In most cases, building owners, the contractor, and even the auditor tends to believe that fire protection and life safety systems are tested and delivered with a holistic approach. Still, in most cases, the systems are being delivered by the installers or required by the representative or the owner of the building individually. This means that, on the one hand, the alarm system is delivered according to the NFPA 72 standard. On the other hand, the sprinkler system is delivered entirely according to the NFPA 13 standard. However, an integration of the systems is not performed. In 2007 requested by the National Institute of Building Sciences (NIBS), the National Fire Protection Association (NFPA) created a new document that compiles the process of verification and accreditation (commissioning) and integrated testing of fire protection and life safety systems. Currently, these standards are classified respectively as NFPA 3 and NFPA 4. The objective of this article is to show the difference and applicability of these new standards. Also, to show the difference between these with the acceptance tests of the individual systems.
Integrated Fire Protection and Life Safety System Testing (NFPA 4) and the acceptance of individual systems (e.g., NFPA 72 or NFPA 13) are activities that are developed as part of the validation and accreditation of integrated systems, called commissioning. However, these are just two steps into the whole process. Commissioning begins from the moment the owner decides to build a building. It is a highly administrative process. And the focus is to document all phases of construction of fire protection and human safety systems. This documentation includes planning, designs, and construction up to the occupation phase of the buildings. The validation and accreditation document belongs to the owner. This commissioning document specifies the minors of the systems implemented in the building. Including the owner’s project requirements (OPR), the design of basis (BOD), the systems implemented, their frequency of test, operating mode, among others. For this reason, the owner is responsible for initiating the commissioning process. It is important to mention that the owner must decide to carry out the process or not since not all buildings require this step; this depends on the complexity of the integrated system and the knowledge of the owner.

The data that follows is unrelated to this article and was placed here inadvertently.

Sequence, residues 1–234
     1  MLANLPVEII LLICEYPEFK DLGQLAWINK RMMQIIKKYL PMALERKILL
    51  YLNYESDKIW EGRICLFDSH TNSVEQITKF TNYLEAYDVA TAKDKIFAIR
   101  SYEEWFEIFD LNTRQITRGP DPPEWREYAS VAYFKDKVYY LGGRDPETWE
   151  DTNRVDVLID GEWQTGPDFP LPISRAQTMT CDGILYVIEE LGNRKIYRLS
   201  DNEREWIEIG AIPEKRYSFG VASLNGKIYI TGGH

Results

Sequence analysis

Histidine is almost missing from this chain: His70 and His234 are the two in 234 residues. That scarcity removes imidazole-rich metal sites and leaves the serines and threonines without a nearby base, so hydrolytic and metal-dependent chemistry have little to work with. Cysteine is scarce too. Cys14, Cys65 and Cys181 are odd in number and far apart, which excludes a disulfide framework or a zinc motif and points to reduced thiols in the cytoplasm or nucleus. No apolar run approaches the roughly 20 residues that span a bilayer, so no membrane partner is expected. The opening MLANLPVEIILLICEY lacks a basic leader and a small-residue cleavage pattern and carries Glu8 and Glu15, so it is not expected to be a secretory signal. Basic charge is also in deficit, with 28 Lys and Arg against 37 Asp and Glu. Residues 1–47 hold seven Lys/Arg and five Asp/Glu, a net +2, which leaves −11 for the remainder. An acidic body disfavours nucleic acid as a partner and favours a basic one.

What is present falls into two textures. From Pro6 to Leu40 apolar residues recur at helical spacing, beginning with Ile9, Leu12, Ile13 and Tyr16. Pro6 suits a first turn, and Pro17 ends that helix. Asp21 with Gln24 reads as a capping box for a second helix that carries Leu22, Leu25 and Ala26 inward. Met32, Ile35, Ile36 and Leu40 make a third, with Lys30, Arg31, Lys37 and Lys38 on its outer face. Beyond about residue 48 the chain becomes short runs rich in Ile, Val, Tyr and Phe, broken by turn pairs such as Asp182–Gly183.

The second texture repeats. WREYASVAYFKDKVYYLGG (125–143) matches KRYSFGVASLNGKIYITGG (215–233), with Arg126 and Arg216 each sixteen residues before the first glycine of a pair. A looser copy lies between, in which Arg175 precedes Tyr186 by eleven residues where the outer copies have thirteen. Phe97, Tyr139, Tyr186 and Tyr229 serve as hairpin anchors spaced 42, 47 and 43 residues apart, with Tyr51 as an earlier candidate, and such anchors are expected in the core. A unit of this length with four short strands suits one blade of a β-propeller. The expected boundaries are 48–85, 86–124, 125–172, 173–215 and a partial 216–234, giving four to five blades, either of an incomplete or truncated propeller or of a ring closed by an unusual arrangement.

On the other hand, the integrated systems test is defined in NFPA 4 as: ‘A test performed on fire protection and life safety systems, to confirm that operation, interaction, and coordination of multiple individual systems perform their intended function.’ This definition implies that the objective is to verify the interaction and joint operation of multiple individual systems. This test intends to verify the performance of the interconnection of the systems; it is not intended to review the operation of the individual systems. For the latter, there are acceptance tests, which are carried out before the test of the integrated system. For example, if the integrated systems are being tested according to the NFPA 4 standard, and in one scenario, it is specified that when a flow of water is recorded in the pipe of the sprinkler system, the building alarm is activated. Then, the integrated test should focus on verifying that the evacuation alarm turns on as defined in the scenario. Compliance with specific characteristics of the system’s design (flow pressure, flow, among others) is verified with the acceptance tests of each system. It should be clarified that confirmation of the operation of individual systems may be required when testing an end-to-end integrated system.
Finally, acceptance testing of individual systems is described in standards such as NFPA 13 for sprinkler systems, or NFPA 72 for the alarm system. The objective of these is to verify that the systems comply with the approved designs and that they were installed following the applicable regulations. An individual system in the context of commissioning, not only refers to the systems that are not connected with others in the building, but also to those that make up the integrated system.
When considering the design and implementation of fire protection and human safety systems, it should be determining if initiating a commissioning process is necessary. In case it is not due to the low complexity of the system, then it is convenient to integrate the systems, which means that the integrated test described in NFPA 4 must be performed. An individual system reduces the existing risk to a lesser extent than when performing systems integration. Therefore, it is necessary that the systems function, interact, and coordinate as a single protection system.
EHR S.A. has the experience and excellent professionals trained to advise you on the design, implementation, and tests required to implement integrated fire protection and human safety systems in your buildings.
Design Engineering Department